You don’t have to be religious to enjoy what Freemasonry has to offer, but Bill Hayes does appreciate the way that the organisation has allowed him to reflect on his Christian faith in deeper and more profound ways than he would have otherwise. From the ceremonies and rituals, to aspects of the Chapter and Mark, to the ethics taught by the Brotherhood, Bill is reminded of similar moral lessons in Christianity that he often ponders: “in life we all sin,” he offers as an example, “but we are all forgiven”.
Bill first joined the craft as a Lewis (the son of a Freemason) and has been an ardent member of the Doncaster Lodge ever since. Personal conduct is a key element of being a good Mason, according to Bill. “We are judged on our standards,” he says, discussing how one should act when out in the community, “so your behaviour has to be such that it reflects on the organisation you are a part of, and on what your beliefs are.”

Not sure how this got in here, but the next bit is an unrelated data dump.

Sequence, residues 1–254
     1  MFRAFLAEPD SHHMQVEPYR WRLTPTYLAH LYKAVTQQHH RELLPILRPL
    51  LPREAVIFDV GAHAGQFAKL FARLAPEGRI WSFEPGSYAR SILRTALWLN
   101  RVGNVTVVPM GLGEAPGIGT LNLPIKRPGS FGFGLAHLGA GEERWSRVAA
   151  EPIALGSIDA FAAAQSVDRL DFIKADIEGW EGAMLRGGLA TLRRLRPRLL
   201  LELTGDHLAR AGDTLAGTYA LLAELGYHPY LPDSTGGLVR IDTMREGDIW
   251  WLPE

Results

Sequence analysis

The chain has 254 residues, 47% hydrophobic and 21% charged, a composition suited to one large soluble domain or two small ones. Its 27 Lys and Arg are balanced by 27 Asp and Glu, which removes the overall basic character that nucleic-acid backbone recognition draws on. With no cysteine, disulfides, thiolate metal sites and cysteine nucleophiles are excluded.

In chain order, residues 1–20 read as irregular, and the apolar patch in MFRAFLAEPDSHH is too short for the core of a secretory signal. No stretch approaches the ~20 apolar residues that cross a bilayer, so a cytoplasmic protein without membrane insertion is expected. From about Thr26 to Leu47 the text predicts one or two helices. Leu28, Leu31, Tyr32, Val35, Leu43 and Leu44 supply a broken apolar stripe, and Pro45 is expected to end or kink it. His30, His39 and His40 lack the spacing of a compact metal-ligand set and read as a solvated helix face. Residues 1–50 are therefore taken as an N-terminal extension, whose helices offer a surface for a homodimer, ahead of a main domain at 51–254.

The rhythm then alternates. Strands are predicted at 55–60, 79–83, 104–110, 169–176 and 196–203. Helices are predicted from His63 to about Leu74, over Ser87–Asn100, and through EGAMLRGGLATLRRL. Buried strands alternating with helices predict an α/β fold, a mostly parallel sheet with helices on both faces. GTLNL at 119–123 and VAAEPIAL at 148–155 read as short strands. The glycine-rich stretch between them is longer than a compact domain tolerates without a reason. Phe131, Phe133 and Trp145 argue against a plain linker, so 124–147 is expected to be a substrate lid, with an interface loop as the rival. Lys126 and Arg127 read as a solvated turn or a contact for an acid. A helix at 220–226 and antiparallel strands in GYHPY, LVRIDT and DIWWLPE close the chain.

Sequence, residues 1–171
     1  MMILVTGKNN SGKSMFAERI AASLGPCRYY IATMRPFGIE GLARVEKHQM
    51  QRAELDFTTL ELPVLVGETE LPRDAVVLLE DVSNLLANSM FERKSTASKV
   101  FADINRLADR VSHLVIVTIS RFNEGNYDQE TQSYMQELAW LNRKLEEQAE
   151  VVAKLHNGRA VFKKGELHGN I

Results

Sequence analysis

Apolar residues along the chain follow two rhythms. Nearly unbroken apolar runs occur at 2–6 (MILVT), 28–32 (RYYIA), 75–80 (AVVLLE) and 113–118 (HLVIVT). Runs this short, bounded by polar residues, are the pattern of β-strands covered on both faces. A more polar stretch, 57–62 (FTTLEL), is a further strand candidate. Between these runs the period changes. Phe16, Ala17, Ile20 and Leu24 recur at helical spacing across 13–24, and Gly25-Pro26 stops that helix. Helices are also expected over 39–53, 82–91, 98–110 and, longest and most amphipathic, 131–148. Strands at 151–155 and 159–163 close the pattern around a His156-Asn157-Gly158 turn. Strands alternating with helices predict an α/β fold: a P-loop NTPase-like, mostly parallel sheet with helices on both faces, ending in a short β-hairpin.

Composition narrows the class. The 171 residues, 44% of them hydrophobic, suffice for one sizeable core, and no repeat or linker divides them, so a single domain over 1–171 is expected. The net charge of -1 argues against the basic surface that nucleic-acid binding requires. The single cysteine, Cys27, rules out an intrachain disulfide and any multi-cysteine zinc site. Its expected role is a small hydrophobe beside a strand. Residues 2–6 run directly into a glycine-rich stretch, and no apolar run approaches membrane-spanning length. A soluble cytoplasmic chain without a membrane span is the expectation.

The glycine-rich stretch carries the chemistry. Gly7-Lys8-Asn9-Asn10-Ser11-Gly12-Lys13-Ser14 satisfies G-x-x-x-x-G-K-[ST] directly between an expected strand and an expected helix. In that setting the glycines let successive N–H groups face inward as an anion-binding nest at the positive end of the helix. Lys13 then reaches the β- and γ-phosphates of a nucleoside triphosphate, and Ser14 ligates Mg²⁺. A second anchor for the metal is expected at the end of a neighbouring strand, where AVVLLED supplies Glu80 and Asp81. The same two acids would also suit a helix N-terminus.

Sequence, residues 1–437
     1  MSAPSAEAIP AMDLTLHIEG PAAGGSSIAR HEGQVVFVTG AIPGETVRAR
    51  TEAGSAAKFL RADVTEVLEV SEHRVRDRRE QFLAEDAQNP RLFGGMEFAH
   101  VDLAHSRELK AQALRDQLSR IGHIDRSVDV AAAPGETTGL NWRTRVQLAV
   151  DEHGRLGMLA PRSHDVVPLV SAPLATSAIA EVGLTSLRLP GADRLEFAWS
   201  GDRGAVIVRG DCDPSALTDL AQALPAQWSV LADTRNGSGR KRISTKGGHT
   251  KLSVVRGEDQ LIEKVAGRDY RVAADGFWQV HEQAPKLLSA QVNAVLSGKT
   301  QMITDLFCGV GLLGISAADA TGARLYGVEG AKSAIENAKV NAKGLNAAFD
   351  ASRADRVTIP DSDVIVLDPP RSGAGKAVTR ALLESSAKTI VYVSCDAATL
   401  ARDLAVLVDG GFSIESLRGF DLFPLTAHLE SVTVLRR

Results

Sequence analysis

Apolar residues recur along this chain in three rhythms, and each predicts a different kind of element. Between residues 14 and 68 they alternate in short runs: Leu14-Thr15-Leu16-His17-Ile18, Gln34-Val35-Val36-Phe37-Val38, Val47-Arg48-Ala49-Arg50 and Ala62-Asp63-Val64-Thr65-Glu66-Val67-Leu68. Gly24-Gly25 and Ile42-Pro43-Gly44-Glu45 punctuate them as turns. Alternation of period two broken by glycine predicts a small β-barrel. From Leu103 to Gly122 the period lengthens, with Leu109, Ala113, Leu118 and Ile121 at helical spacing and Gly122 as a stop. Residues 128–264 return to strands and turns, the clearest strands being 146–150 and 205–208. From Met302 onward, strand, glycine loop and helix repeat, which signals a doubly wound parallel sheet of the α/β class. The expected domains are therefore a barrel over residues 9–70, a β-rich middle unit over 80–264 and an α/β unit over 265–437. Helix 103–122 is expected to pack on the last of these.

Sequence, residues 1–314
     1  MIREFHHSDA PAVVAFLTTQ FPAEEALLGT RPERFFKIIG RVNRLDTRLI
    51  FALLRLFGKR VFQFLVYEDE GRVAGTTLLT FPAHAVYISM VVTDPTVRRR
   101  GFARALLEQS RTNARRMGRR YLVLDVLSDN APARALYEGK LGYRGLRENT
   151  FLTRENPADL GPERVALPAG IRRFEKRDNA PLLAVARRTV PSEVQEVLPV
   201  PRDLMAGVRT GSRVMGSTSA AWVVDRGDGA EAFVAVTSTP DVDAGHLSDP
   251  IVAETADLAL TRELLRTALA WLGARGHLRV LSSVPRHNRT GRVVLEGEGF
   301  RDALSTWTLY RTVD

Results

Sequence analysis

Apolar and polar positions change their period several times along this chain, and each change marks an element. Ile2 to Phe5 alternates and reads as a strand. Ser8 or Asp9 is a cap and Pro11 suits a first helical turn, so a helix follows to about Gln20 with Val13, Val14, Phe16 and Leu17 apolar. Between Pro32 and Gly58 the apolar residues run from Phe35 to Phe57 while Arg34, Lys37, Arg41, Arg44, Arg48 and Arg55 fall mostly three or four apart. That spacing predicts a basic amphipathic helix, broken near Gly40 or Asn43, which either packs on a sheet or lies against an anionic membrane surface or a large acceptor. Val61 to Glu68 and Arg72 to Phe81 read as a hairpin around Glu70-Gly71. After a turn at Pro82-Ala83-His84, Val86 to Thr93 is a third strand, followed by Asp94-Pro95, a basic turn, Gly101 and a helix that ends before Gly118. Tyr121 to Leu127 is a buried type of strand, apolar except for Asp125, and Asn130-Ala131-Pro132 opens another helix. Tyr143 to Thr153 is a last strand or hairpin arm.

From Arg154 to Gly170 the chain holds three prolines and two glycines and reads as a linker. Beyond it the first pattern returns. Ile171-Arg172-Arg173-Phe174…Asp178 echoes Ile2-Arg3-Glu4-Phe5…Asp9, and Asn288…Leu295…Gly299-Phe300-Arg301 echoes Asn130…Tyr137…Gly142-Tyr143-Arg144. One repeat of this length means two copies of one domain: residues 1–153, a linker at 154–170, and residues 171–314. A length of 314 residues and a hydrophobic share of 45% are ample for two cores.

He is happily retired from his banking and finance career, where he often served in senior roles, but recently opened what he initially hoped would be a small, modest cleaning business. Instead, the business “has completely gone out of control”, as he describes it. This isn’t too surprising, however, as success vocationally is often a by-product of truly adopting the values and principles of Freemasonry in everyday life.